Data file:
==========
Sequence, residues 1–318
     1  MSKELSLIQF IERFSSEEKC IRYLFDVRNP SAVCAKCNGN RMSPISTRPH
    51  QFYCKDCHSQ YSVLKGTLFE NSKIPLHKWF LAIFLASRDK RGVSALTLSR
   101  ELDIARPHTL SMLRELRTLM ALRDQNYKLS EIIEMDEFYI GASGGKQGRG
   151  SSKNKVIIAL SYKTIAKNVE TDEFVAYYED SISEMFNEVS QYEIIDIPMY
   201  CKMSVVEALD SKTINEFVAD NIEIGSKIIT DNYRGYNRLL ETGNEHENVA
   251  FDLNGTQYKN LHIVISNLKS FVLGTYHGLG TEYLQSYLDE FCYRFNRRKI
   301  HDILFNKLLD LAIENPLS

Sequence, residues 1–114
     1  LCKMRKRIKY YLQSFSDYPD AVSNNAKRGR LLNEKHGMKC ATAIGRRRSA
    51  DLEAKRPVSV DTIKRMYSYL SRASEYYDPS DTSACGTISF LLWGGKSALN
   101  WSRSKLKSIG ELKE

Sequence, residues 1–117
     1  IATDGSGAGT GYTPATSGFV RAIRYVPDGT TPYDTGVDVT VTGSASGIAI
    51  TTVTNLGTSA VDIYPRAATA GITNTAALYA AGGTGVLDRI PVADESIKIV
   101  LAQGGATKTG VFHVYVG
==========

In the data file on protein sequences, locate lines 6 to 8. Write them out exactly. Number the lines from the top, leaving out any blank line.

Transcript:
   201  CKMSVVEALD SKTINEFVAD NIEIGSKIIT DNYRGYNRLL ETGNEHENVA
   251  FDLNGTQYKN LHIVISNLKS FVLGTYHGLG TEYLQSYLDE FCYRFNRRKI
   301  HDILFNKLLD LAIENPLS